newLocation = new Vector3(myTracks.Last<Object3D>().Location.X,
LastOrientation = new Vector3();
newOrientation = new Vector3(0, 270, 0);
newLocation = new Vector3(0, 0, -40);
newOrientation = GetNewOrientation(newOrientation, direction);
newLocation = GetNewLocation(newOrientation, newLocation, LastOrientation);
track.Location = newLocation;
track.Orientation = newOrientation;
track.Scale = new Vector3(Constants.TRACK_SCALE, Constants.TRACK_SCALE, Constants.TRACK_SCALE);
else if (iqnoreFinshArea == false && InFinshArea(newLocation))
FinshCoaster(myTracks, ref directions, 1);
else if (iqnoreAutoLoop == false && AutoLoop(myTracks, ref directions))
else if (iqnoreCollision == false && CollisionDetected(newLocation, myTracks))
else if (iqnoreFlaten == false && Flaten(myTracks, direction, track,
newOrientation, newLocation, LastOrientation, ref directions))
if (iqnoreTracksToLow == false && TrackToLow(newLocation, newOrientation))
else if (iqnoreBounceOffWall == false && BounceOffWall(newLocation, direction, myTracks, ref directions))
else if (iqnoreOutOfBounds == false && OutOfBounds(newLocation))
The point of showing this is that the game attempts to fix rules broken by the user, so to lower the learning curve in such a way that they can keep building,
with out having to deal with rules most of the time.
The front end is using standard XNA, to for user Inputs, loading content, and showing visuals.
Due to not wanting my back end to have any ties to my front end I had to rebuild parts that existed in xna.
Here is my draw method, showing a downside of my choice of making them completely separate instead of sharing some of the xna code base.
But overall it makes for a much more flexible code base.
protected override void Draw(GameTime gameTime)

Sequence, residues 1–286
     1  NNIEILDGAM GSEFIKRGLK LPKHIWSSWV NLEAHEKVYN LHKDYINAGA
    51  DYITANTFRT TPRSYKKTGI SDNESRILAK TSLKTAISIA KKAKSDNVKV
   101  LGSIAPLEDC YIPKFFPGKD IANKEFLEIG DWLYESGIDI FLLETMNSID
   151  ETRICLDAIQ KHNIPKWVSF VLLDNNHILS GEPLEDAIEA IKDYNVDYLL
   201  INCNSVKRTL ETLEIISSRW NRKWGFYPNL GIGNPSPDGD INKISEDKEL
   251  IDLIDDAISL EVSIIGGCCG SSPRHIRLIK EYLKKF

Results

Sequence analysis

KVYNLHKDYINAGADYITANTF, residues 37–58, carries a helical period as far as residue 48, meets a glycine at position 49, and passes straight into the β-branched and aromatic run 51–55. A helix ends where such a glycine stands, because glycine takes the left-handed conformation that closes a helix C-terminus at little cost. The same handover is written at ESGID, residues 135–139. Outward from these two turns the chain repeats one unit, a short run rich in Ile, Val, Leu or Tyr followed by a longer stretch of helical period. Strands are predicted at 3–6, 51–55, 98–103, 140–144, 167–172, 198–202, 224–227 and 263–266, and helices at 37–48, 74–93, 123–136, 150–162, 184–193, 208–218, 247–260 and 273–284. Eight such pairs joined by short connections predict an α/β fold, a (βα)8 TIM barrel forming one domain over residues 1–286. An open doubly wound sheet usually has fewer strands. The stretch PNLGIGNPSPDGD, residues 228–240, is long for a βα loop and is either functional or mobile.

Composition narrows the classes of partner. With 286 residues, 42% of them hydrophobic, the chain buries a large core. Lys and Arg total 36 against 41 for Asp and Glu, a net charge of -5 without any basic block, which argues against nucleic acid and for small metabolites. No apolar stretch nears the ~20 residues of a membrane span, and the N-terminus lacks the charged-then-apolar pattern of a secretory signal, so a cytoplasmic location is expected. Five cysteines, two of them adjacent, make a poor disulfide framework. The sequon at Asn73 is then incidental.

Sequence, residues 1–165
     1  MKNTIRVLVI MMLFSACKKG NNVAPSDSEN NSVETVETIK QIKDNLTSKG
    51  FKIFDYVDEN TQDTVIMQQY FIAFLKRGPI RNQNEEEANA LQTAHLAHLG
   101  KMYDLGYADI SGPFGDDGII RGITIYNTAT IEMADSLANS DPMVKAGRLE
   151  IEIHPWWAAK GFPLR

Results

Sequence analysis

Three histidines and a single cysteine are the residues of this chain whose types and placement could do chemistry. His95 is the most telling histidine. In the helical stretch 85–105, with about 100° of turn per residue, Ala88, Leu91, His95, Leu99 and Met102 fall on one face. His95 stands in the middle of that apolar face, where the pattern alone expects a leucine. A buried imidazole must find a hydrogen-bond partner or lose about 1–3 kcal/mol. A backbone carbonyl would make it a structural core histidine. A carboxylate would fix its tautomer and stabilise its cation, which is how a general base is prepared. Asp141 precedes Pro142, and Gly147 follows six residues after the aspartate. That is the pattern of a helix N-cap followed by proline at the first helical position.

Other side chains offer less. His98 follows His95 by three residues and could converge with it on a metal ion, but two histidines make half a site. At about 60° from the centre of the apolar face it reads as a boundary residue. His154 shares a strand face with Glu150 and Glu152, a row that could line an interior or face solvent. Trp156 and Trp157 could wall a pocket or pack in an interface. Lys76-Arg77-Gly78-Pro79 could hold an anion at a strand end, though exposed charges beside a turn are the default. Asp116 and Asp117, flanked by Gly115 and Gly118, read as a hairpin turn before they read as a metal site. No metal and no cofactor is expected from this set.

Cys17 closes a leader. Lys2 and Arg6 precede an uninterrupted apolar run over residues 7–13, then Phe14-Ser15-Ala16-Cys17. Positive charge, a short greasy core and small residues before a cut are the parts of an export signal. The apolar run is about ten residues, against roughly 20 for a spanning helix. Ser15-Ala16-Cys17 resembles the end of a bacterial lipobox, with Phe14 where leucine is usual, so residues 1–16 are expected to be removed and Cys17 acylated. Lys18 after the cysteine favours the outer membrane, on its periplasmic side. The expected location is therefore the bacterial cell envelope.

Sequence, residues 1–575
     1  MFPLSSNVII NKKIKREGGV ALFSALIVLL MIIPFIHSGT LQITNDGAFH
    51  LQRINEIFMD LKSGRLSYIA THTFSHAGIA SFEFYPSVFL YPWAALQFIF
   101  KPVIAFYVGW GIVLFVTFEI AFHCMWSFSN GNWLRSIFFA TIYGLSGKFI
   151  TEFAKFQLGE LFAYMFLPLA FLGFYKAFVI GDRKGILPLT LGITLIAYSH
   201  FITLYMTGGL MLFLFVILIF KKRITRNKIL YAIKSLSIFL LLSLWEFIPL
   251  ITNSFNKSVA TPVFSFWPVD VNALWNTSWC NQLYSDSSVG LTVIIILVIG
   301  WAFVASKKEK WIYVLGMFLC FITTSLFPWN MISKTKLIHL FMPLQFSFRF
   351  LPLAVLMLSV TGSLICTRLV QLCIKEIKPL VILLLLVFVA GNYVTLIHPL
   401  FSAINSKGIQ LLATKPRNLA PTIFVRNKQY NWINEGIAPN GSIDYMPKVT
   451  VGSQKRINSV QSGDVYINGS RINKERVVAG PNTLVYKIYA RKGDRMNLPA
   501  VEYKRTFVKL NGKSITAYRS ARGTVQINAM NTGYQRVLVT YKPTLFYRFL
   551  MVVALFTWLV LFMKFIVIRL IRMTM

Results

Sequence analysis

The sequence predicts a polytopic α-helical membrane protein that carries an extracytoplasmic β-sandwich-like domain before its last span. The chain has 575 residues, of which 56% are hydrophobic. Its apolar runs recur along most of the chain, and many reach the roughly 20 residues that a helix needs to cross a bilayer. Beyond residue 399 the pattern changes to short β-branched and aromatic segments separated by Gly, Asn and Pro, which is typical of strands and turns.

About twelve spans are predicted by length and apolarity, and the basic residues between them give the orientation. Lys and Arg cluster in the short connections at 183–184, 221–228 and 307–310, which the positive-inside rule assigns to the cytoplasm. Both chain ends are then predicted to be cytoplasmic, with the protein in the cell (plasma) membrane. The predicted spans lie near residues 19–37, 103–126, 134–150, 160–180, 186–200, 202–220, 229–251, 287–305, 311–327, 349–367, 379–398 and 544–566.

GraphicsDevice.DepthStencilState = DepthStencilState.Default;
GraphicsDevice.BlendState = BlendState.Opaque;
drawManager.DrawModel(layoutModel, new Microsoft.Xna.Framework.Vector3(0, 0, 0),
new Microsoft.Xna.Framework.Vector3(0, 0, 0), new Microsoft.Xna.Framework.Vector3(.25f, .25f, .25f));
for (int i = 0; i < core.Tracks.Count; i++)
MouseState currentMouseState = Mouse.GetState();
float mouseX = (1980.0f / GraphicsAdapter.DefaultAdapter.CurrentDisplayMode.Width) * currentMouseState.X;
float mouseY = (1080.0f / GraphicsAdapter.DefaultAdapter.CurrentDisplayMode.Height) * currentMouseState.Y;
Microsoft.Xna.Framework.Vector2 posMouse = new Microsoft.Xna.Framework.Vector2(mouseX, mouseY);
spriteBatch.Draw(pointer, posMouse, Color.White);
GraphicsDevice.DepthStencilState = DepthStencilState.Default;
Building a game project that makes sense for the Ultrabook has been sort of like building a project built for computer and a tablet at the same time.
Finding the fine line from additional features/ Options and keep simplicity has been a interesting struggle.
In the end roller coaster is a perfect fit for causal play on an Ultrabook in nearly any setting.
10/8/2012 - Uploaded Roller Beta Version (1.0)
10/27/2012 - Uploaded Roller Coaster Version (1.14), Fixed Menus (ride menu still needs finished), added coin mode, fixed several issues and bugs. Next version will be on the app-up Store.
11/21/2012 - Finished Game, Cleaned out bugs, streamlined UI. Submitted App to AppUp Store, Awaiting approval.
11/21/2012 - Approved in the Appup Store. Removed old Versions from this post.
3/31/2014 - Appup Store has been shutdown. Added Section At top with a open source links and more information about the future of roller coaster.